When the El Paso Chihuahuas took the field against the San Diego Padres last week, it was a significant event on many levels -- only some of which will be on display on the field.
For El Pasoans, it was a chance to get a sneak peek at their hometown Triple-A club and last season's Pacific Coast League (PCL) Pacific Southern Division champions before the start of the regular season. For Chihuahuas players, it was a chance to test their mettle --and show off their skills -- against the parent team that may call them up to "The Show," as it has some of their teammates, like Padres pitcher Colin Rea, since the Chihuahuas first took the field in El Paso in 2014.
As for the visiting team, the game was the first matchup the Padres have had against any of their minor league affiliates in more than five years. A lot has happened in that time, including the campaign to bring the Chihuahuas to El Paso and the construction of Southwest University Park. Since the opening of the downtown stadium, game attendance in El Paso has been among the highest in the PCL, which in turn has been a boon for local businesses.
That turnaround -- the game outside the stadium, if you will -- is a big part of the story here. The new team and new park have helped drive the economic revitalization of El Paso in recent years, as have strategic alliances with regional partners. The Borderplex Alliance, the area's regional economic development initiative, includes not just El Paso and its surrounding towns, but also Las Cruces, southern New Mexico and the city of Ciudad Juarez -- in the Mexican state of, yes, Chihuahua -- to its south.
A similar cross-border alliance exists between the cities of San Diego and Tijuana, the only crossing on the U.S.-Mexico border that sees more traffic than the El Paso-Juarez gateway. Together, the Borderplex region and the "SDTJ" region are uniquely situated to play a critical role in areas of both national and international import. U.S.-Mexico trade topped $530 billion in 2015, more than 14 percent of the total global U.S. trade last year. In 2013, 80 percent of all Mexico exports came to the U.S.
Now these regional partnerships are looking up and down the Rio Grande to find each other, coming together to open up a larger dialogue about economic development on the U.S.-Mexico border. The Chihuahuas-Padres game capped off a day-long economic summit in which representatives from San Diego, Tijuana, El Paso and Juarez discussed issues of mutual concern and common interest.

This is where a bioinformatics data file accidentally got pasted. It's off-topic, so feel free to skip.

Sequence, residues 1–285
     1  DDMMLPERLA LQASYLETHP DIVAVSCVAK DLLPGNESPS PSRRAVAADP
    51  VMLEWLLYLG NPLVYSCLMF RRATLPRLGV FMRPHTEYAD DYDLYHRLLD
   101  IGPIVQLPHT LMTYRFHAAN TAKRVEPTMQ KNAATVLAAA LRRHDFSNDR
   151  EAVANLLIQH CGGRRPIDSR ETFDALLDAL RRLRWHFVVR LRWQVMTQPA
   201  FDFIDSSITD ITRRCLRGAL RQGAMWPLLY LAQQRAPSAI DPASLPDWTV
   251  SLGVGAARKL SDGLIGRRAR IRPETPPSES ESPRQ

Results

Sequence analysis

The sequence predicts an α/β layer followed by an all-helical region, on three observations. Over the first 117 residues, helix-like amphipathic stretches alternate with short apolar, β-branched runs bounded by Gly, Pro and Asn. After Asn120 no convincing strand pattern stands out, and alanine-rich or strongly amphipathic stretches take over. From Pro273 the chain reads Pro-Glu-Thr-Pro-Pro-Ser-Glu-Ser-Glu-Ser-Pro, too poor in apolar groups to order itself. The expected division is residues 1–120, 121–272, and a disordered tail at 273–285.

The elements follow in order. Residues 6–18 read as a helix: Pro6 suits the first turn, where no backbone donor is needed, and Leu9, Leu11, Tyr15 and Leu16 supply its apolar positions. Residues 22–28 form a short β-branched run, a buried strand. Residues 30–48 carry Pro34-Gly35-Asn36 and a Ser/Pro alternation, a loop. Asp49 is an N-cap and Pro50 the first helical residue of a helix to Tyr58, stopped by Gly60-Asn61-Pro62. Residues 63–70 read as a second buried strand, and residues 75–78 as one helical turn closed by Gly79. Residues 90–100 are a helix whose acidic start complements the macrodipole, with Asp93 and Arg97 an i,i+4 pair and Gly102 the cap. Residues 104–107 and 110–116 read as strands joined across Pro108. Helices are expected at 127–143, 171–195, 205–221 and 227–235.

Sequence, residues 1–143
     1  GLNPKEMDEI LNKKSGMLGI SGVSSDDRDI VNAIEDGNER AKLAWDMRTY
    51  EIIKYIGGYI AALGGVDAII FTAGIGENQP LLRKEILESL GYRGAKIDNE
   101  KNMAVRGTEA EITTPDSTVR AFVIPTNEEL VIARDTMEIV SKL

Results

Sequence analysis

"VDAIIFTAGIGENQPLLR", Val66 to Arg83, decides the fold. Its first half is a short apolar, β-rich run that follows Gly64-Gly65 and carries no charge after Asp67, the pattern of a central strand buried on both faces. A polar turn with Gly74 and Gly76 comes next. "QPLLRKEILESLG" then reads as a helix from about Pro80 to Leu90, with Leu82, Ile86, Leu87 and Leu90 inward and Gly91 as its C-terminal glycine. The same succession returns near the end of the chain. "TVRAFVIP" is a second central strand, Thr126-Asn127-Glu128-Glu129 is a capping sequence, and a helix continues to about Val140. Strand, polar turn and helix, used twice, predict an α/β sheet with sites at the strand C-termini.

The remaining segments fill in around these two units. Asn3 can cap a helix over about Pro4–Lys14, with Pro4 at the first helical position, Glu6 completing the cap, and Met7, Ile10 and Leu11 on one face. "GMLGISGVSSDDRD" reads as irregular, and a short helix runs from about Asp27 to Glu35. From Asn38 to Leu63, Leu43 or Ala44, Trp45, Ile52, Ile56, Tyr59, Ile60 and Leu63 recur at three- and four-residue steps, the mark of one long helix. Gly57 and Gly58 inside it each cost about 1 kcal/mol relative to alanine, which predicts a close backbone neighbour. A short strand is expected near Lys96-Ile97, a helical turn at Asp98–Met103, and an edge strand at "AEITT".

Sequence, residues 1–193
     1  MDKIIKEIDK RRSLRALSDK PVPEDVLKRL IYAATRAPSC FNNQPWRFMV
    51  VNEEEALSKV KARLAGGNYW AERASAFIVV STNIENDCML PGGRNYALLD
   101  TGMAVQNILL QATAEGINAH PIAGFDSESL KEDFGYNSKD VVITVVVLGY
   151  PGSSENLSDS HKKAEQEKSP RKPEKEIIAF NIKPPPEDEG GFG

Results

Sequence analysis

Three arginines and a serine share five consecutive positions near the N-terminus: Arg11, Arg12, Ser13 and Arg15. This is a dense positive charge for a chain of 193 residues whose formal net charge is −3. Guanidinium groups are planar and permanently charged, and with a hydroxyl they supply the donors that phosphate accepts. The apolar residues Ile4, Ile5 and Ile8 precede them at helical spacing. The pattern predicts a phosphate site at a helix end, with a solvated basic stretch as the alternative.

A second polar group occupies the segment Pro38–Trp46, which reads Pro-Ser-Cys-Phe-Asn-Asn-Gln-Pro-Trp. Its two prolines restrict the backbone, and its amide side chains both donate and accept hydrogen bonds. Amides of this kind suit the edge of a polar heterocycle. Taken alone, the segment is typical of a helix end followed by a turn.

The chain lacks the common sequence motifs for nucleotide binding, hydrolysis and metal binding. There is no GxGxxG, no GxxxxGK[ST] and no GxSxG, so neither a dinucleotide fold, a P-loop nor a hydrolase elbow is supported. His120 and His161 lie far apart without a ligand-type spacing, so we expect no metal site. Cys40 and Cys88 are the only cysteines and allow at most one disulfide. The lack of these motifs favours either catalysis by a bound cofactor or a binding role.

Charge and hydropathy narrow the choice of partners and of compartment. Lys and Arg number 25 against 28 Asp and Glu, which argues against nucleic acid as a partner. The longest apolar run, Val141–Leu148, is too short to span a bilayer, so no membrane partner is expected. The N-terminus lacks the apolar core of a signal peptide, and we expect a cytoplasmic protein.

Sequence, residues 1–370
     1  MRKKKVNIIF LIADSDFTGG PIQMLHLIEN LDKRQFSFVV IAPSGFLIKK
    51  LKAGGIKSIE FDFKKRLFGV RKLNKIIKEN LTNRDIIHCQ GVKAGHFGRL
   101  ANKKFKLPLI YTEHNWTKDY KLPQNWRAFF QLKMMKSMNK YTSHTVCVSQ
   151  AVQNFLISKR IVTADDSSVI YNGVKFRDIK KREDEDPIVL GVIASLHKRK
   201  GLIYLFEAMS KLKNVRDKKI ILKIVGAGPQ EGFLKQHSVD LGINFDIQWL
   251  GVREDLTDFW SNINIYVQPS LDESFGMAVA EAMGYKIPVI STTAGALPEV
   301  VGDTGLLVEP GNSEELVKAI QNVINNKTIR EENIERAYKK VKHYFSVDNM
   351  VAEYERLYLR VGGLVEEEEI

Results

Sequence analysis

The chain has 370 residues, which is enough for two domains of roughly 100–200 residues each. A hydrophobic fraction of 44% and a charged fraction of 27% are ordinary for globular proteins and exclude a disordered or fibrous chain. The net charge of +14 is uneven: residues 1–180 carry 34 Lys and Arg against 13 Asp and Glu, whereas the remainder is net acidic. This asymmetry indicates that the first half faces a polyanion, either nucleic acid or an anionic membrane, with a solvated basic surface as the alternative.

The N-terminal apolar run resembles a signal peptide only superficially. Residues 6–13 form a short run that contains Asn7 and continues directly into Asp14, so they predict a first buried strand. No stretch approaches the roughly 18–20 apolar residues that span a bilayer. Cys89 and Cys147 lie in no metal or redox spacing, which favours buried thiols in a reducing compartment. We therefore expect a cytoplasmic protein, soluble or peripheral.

This initiative is the first time that stakeholders from the two largest communities on the U.S.-Mexico border have worked together to promote investment in the larger border region, and it is worth taking notice. As with the baseball game that followed the summit, an observer of the Borderplex and SDTJ regions may at first see only the potential rivalry between these two metropolitan areas. But as with the Chihuahuas and the Padres, you don't have to look hard to realize that these regions are actually on the same team.
At the summit, international elected officials, economic development organizations, and business representatives discussed challenges and opportunities facing the larger border region. Challenges include the logistics of border crossings, trade and travel policies, natural resource management, and border infrastructure. These are all areas in which speaking with a unified voice will make it more likely that effective solutions can be found.
As for opportunities, these abound in the border regions, starting with the bi-lingual, bi-cultural workforce that can navigate the norms and idiosyncrasies of two countries. The enhanced cooperation coming from the current talks promises to promote not just cross-border relations, but also investment in the region.
Industries that have already gained traction along the border include aerospace, tourism, manufacturing, education, telecom, automotive, electronics, and healthcare and biotech. With the new focus on stronger ties across and along the border -- the El Paso summit will be followed in a few months with another set of meetings in San Diego -- there will be opportunities for greater regional collaboration and the establishment of best practices for community and workforce development.
Which brings us back to baseball. There are few things nicer on a fine summer evening than heading out of the office and down the road to your local ballpark to cheer the hometown team, and companies relocating offices to El Paso know that. As they say in the movie, when we built the ballpark, the people came. Just imagine what that kind of planning and collaboration could mean for an entire region.